In the last post, I put together a First All-Star team of unrestricted free agents. Though restricted free agents tend to attract less attention, there could be some intriguing situations. While I broke down the last list of players into forward positions (left wing, center, right wing), this time I’ll just choose three forwards, plus two defensemen and a goalie.
Joe Pavelski, Bobby Ryan and Devin Setoguchi
There’s a big gap between the top forwards and the rest in both the unrestricted (Marleau, Kovalchuk) and restricted free agent forward pools (Pavelski, Ryan). I agree with PHT readers that Bobby Ryan is worth Ryan Getzlaf-Corey Perry type money, while Pavelski’s situation will be very interesting.
Setoguchi is my guess as the third-best forward, although Wojtek Wolski and Blake Wheeler are also good candidates. I give Setoguchi the nod because he’s younger and therefore might have a “higher ceiling.”
Erik Johnson, Braydon Coburn
I’m not sure how much either of these RFA defensemen will make. Johnson is a No. 1 draft pick ahead of the likes of Nicklas Backstrom, Jonathan Toews and Jordan Staal but has had some lows (the golf cart incident) to go with a few highs. The Flyers robbed the Atlanta Thrashers blind when they traded for Coburn, but will they be able to afford him this summer? It should be interesting to see how much these two receive, but theirs might be the clearest cases in which restricted free agency hurts a quality player’s earning power.
There’s no doubt that Antti Niemi greatly increased his value by winning the Stanley Cup, but I still think Halak impressed people the most. It’s probably more likely that the Montreal Canadiens will retain him than fellow RFA Carey Price, but you never know if someone might throw a huge offer his way. PHT readers voted for him to make between $5-$5.5 million by a small margin, but we’ll have to wait and see what the Slovakian goalie will make this summer.
It doesn’t get much better than a player making the type of save you’d only expect from a goalie. OK, how about this: when it happens amid the high stakes of the Stanley Cup Playoffs?
Pittsburgh Penguins forward Jake Guentzel had already been distinguishing himself with a red-hot scoring start to the postseason, but he made a big difference in a way that won’t show up in the box score (aside from maybe as a blocked shot) for Game 1 against the Washington Capitals.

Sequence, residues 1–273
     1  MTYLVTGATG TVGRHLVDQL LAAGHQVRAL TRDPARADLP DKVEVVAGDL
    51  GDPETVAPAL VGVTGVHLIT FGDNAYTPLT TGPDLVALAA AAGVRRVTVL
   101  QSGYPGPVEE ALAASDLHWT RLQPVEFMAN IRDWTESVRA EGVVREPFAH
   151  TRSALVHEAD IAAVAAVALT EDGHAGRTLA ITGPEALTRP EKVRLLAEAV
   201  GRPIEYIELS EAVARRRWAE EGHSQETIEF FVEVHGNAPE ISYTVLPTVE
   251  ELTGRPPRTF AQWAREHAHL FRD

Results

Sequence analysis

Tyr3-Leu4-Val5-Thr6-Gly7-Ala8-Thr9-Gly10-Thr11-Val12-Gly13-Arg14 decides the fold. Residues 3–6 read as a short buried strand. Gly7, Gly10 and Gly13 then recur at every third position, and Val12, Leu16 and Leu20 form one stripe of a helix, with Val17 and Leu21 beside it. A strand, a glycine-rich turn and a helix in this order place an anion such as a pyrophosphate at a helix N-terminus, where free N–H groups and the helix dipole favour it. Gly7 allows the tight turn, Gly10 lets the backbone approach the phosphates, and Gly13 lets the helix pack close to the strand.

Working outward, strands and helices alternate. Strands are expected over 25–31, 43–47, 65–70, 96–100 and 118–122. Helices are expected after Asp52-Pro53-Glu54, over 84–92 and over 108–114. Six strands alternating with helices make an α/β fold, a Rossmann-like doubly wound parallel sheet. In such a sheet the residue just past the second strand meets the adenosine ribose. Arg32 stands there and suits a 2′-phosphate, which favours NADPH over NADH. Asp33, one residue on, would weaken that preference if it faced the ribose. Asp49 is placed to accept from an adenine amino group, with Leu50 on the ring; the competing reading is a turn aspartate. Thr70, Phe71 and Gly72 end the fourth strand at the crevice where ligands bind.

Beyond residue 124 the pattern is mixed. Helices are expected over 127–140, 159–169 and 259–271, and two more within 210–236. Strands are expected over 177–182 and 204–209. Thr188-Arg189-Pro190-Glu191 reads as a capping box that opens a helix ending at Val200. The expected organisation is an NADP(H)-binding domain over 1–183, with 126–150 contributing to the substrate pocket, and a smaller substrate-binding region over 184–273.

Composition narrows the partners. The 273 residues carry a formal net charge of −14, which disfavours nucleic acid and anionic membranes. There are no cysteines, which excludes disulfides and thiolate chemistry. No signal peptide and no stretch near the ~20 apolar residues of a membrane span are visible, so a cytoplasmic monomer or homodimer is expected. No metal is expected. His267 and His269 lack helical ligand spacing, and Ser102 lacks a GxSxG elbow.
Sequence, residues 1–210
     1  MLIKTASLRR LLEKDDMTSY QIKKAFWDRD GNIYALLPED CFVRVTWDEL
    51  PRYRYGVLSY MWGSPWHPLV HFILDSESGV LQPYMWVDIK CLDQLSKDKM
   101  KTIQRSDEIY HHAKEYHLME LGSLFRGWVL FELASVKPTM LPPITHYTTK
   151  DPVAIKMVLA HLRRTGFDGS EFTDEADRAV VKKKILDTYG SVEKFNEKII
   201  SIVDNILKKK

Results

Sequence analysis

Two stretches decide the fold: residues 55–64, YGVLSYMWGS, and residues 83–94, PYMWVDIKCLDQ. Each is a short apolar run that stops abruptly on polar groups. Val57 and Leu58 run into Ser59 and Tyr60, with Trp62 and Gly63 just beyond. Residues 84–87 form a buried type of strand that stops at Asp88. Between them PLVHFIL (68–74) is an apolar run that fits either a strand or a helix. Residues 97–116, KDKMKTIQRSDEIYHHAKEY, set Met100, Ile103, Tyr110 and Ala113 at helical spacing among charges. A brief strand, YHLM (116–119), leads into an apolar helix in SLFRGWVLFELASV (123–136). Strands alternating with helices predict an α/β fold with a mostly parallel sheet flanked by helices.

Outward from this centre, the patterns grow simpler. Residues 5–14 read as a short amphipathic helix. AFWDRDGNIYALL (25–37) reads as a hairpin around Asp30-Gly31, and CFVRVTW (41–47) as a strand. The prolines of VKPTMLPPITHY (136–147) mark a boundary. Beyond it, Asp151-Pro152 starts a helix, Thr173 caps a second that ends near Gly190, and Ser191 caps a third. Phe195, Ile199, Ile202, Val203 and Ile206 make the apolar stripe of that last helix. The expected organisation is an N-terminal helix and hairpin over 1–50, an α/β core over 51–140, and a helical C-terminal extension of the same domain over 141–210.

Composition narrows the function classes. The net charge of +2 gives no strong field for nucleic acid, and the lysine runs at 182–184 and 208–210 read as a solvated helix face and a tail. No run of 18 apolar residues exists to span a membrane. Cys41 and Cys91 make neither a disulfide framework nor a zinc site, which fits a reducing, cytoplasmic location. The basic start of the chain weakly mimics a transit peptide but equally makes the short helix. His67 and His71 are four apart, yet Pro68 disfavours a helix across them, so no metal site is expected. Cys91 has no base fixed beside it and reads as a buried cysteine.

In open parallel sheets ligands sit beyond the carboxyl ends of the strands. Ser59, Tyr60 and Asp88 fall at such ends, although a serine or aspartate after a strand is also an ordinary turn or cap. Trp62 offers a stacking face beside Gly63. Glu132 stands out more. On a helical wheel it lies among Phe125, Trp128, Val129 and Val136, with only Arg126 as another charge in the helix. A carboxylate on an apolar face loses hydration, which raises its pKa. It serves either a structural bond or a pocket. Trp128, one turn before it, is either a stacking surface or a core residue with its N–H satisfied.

In one of the few golden opportunities in a notably tight first period, Guentzel made a “kick save” to keep it 0-0. He also managed to avoid giving the Capitals a penalty shot in the process, so this was quite the effort from the impressive rookie.
Video will be added soon. Here’s the moment in GIF form first:
You know how goalies claim they prefer to be busy rather than risking rust in seldom seeing shots? If that’s true, Henrik Lundqvist was really, really happy in the first period.
The Ottawa Senators generated chance after chance in a busy opening frame of Game 1, generating a 21-12 shot differential against the New York Rangers. The game remains 0-0 in large part because Lundqvist has carried over his momentum from the Montreal Canadiens series so far.
As you can see from the video above, Lundqvist made some absolutely fantastic saves, especially in somehow stopping Mark Stone.
In a duller game, 21 shots on goal could a team’s entire output.
That’s impressive stuff from what appears to be a “vintage” Lundqvist. We’ll see how much more the Rangers lean on him as this one goes along.
Oh, and here’s a GIF of the best stop of the bunch, because seriously.
The Pittsburgh Penguins get a familiar face back in the lineup, as Chris Kunitz is good to go against the Washington Capitals in Game 1.
The 37-year-old has been sidelined since March 31, ending his regular season with just an assist in his final nine games. His last goal came on Feb. 16.
So, in other words … he’s not quite as big of a deal for this series as he had been in the past.
He’ll draw into a solid fourth line with Matt Cullen and Tom Kuhnackl, while Carter Rowney will be a healthy scratch. Check out the Penguins’ line combos heading into Thursday’s showdown:
The NHL announced the three finalists for the Mark Messier Leadership Award: Nick Foligno (Columbus Blue Jackets), Ryan Getzlaf (Anaheim Ducks) and Mark Giordano (Calgary Flames).
In case you’re curious about the process, the league explains how it works (and how the buck stops with Messier):
Mark Messier solicits suggestions from club and League personnel as well as NHL fans to compile a list of potential candidates for the award. However, the selection of the three finalists and ultimate winner is Messier’s alone.
So, yes, it might come down to steeliness/60.
Anyway, the most fun part of this award is that Getzlaf and Giordano just engaged in a first-round series, with Getzlaf’s hit on Giordano (see above) being one of the standout moments.
Perhaps Giordano will at least get the best of Getzlaf in this one?